U.S. Redefines Afghan Success Before Conference
Leaders of the NATO nations will meet in Chicago on Sunday to set in motion the massive machinery necessary to wind down the war in Afghanistan.
But even as American officials prepare a list of benchmarks they can cite as achieved in the war effort — expect to hear much about strategic partnership agreements and assurances that the Afghan people have not been abandoned — they acknowledge privately that the bar has been significantly lowered on how success in Afghanistan is defined after 11 years of combat.
“Look, this is Afghanistan,” one administration official said in an interview. “Is it going to be Switzerland? No. But is good enough for Afghanistan? That’s where we need to get to.”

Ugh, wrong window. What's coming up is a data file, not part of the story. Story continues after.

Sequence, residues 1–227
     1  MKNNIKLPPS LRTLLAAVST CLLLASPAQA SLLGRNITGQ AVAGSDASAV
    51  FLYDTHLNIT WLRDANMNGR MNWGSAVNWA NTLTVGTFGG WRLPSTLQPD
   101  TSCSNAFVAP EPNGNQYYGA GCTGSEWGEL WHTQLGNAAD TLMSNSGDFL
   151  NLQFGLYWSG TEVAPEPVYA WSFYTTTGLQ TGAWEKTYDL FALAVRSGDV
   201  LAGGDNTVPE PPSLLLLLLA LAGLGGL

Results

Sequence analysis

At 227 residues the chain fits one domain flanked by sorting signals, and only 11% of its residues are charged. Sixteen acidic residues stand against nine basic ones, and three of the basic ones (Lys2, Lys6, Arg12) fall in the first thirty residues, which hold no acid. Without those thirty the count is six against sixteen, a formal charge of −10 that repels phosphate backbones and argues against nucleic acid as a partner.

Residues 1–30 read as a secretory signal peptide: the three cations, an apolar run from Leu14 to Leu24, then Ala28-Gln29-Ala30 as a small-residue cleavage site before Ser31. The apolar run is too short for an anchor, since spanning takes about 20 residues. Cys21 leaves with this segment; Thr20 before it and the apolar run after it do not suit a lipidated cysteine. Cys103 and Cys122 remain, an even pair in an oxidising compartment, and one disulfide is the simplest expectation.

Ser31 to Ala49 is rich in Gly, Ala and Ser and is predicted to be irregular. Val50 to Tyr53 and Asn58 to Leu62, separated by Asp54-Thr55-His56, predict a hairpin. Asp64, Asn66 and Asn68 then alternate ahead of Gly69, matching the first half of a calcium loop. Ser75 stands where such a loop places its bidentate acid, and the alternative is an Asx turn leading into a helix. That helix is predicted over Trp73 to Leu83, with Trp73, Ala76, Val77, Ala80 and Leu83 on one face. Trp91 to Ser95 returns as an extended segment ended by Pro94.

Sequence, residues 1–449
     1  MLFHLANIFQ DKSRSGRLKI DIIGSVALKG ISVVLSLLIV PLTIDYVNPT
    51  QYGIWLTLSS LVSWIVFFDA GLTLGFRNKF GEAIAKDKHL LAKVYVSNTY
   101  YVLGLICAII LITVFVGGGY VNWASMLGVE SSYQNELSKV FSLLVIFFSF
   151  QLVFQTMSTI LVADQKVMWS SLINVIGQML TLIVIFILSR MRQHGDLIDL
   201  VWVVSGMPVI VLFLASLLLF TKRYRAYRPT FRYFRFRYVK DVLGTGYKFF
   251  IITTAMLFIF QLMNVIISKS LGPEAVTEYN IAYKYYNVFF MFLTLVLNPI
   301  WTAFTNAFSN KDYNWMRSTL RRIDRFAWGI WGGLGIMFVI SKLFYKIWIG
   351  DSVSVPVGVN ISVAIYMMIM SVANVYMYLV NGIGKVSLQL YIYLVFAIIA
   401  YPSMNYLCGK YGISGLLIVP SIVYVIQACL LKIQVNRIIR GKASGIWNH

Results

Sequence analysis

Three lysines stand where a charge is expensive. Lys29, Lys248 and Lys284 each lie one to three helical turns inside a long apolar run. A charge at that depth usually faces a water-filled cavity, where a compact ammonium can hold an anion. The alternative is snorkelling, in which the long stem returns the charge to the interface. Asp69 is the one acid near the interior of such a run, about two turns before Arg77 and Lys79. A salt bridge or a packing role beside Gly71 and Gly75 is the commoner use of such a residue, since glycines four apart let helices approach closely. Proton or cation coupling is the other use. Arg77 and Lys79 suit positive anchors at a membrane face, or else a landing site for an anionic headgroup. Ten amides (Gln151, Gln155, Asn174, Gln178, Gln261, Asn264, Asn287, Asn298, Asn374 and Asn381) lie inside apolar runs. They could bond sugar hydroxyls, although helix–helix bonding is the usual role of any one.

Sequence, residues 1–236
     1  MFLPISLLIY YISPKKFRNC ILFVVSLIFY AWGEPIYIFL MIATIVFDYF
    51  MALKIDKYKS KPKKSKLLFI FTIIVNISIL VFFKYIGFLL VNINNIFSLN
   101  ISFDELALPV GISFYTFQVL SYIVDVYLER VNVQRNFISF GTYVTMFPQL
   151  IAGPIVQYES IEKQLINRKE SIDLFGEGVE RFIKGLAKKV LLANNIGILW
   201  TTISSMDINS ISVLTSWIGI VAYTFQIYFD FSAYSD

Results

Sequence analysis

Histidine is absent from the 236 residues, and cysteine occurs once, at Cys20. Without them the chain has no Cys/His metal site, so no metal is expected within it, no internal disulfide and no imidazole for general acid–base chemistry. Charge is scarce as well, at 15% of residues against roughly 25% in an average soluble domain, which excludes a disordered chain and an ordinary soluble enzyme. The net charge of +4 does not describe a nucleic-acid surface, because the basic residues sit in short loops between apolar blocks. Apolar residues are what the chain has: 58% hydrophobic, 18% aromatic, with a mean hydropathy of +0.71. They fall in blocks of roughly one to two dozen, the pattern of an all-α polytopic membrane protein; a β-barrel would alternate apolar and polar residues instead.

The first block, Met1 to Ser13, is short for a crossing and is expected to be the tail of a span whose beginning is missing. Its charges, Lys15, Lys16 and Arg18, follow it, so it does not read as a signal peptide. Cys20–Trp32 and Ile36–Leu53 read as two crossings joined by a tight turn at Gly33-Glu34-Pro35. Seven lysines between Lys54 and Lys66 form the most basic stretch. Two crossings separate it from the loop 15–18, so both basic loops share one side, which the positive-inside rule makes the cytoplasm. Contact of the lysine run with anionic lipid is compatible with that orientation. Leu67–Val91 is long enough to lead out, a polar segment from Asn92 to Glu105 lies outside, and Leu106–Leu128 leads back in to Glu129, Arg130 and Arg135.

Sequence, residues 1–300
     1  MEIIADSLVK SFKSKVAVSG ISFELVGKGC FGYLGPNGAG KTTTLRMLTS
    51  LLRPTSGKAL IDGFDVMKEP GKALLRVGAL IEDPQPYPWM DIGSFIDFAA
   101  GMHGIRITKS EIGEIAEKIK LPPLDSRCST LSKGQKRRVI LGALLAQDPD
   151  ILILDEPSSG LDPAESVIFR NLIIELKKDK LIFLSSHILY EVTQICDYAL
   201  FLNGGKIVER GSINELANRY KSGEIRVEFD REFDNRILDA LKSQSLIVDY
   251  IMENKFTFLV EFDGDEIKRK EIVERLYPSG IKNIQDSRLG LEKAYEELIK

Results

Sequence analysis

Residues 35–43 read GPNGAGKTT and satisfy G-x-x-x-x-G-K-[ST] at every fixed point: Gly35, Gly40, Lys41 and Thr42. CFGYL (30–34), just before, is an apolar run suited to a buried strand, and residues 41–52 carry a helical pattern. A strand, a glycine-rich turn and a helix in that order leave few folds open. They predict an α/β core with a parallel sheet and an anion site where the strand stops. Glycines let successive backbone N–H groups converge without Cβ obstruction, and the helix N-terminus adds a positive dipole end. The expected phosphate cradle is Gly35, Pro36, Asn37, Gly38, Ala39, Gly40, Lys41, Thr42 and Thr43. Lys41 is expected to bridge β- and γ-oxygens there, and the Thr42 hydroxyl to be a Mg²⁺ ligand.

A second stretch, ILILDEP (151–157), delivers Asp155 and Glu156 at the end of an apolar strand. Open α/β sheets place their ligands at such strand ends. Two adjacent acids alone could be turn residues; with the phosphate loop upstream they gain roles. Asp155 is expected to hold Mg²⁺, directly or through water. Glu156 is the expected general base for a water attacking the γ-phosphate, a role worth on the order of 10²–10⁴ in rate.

In fact, the phrase “Afghan good enough” has been making the rounds at the White House, State Department, the Pentagon and inside the many research organizations scattered around Washington. Gone is the much greater expectation that NATO will leave behind a cohesive central government with real influence beyond Kabul and a handful of other population centers. Gone is the assumption that Helmand Province, Kandahar, and the heavily contested south — where the bulk of the 2010 influx of troops was sent — will remain entirely in the control of the central government once that area is transferred to Afghanistan’s fledgling national security forces.
In previewing the meeting for reporters Thursday, President Obama’s national security adviser, Thomas E. Donilon, described a hoped-for outcome in Afghanistan that was far less ambitious than what American officials once envisioned.
“The goal is to have an Afghanistan again that has a degree of stability such that forces like Al Qaeda and associated groups cannot have safe haven unimpeded, which could threaten the region and threaten U.S. and other interests in the world,” Mr. Donilon said.